The Nigerian Association of Liquefied Petroleum Gas Marketers (NALPGAM), says increment in the price of Liquefied Petroleum Gas (LPG), also known as cooking gas is worrisome. NALPGAM’s President, Mr Nosa Ogieva-Okunbor, made this known while speaking at the association’s 34th Annual General Meeting (AGM) and Symposium in Lagos. Supreme reports that the price of 12.5kg […]
The Nigerian Association of Liquefied Petroleum Gas Marketers (NALPGAM), says increment in the price of Liquefied Petroleum Gas (LPG), also known as cooking gas is worrisome.
NALPGAM’s President, Mr Nosa Ogieva-Okunbor, made this known while speaking at the association’s 34th Annual General Meeting (AGM) and Symposium in Lagos.
Supreme reports that the price of 12.5kg of cooking gas has risen from N3,200 a few months back to about N6,000 in some parts of the country.
Ogieva-Okunbor noted that LPG consumption in Nigeria had increased from 550,000 Metric Tonnes in 2017 to about 1.2 million Metric Tonnes in 2020 going by NALPGAM’S members’ investments in LPG plants.
“However, in spite of efforts at increasing the availability of cooking gas in the country, the price of the product has become worrisome in the industry.
“If the trend is not addressed and a lasting solution proffered, all the gains made to increase consumption to the current modest level would be reversed.
“The high cost of the product with the eroding purchasing power of the people would only result in a reversal to the use of the readily affordable charcoal and firewood with the attendant negative environmental and health implications.’’
Ogieva-Okunbor said NALPGAM was engaging the relevant government agencies and stakeholders toward robust policy formulation on full domestication of LPG.
He noted that this would go a long way in ensuring price stability and availability of the product to protect the interest of consumers and investors in the LPG industry.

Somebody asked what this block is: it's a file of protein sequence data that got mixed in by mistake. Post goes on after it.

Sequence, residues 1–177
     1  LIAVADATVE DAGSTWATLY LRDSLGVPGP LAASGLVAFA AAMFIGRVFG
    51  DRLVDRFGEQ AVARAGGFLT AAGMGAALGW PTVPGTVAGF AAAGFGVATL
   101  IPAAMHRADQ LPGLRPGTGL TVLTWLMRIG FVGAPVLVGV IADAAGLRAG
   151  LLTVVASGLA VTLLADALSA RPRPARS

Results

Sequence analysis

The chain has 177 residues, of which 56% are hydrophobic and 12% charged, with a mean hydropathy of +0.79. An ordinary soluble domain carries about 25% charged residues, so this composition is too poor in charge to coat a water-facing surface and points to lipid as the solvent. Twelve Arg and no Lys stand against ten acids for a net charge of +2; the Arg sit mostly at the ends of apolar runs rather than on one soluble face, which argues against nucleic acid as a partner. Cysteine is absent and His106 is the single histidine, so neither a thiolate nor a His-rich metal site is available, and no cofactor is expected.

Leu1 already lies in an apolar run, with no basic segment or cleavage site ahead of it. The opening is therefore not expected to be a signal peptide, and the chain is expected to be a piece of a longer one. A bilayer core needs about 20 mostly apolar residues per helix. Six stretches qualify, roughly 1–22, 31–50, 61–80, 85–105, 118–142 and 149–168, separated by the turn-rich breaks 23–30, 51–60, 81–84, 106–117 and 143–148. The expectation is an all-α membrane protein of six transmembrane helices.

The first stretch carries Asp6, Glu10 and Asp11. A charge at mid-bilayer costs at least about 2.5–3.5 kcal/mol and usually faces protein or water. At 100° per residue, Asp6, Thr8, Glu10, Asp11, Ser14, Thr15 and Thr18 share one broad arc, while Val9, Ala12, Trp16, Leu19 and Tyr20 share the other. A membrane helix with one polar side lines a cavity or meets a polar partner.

Ogieva-Okunbor said the association was also working toward improving safety in selling and distribution of LPG across the country in order to restore confidence among the consumers.
Also speaking, Mr Sergius Ogun, Chairman House of Representatives’ Ad-hoc Committee on Relocation of Tank Farms from Residential Areas, said the Petroleum Industry Act (PIA) would help increase domestic supply of LPG.
Ogun said the Act recently signed by President Muhammadu Buhari had made it obligatory for operators in the gas sector to supply to the domestic gas market before exporting the product.
He said it was not acceptable for Nigerians to be cooking with firewood and charcoal when the nation was blessed with abundant gas.
The lawmaker said the association must collaborate with the government on the implementation of the PIA and also intensify efforts to get approval for local manufacturing of gas cylinders.
On his part, Mr Dayo Adeshina, Programme Manager, National Liquefied Petroleum Gas Expansion Implementation Plan, said the government was committed to deepening gas utilisation in the country.
Adeshina said the government was planning to inject 20 million cylinders into the domestic market within the next few years, adding that it would begin with 12 pilot states where 10 million cylinders would be distributed.
He said the lifespan of a cooking gas cylinder was 15 years, hence there was the need to remove ownership of the cylinders from individuals to marketers which was the practice in some other countries.
Adeshina said the theme of the symposium, “LPG Deepening and Expansion: Safety Concerns’’, was apt.
He said the government was ready to work with NALPGAM and other stakeholders to improve safety in the LPG industry in order to deepen its utilisation in Nigeria.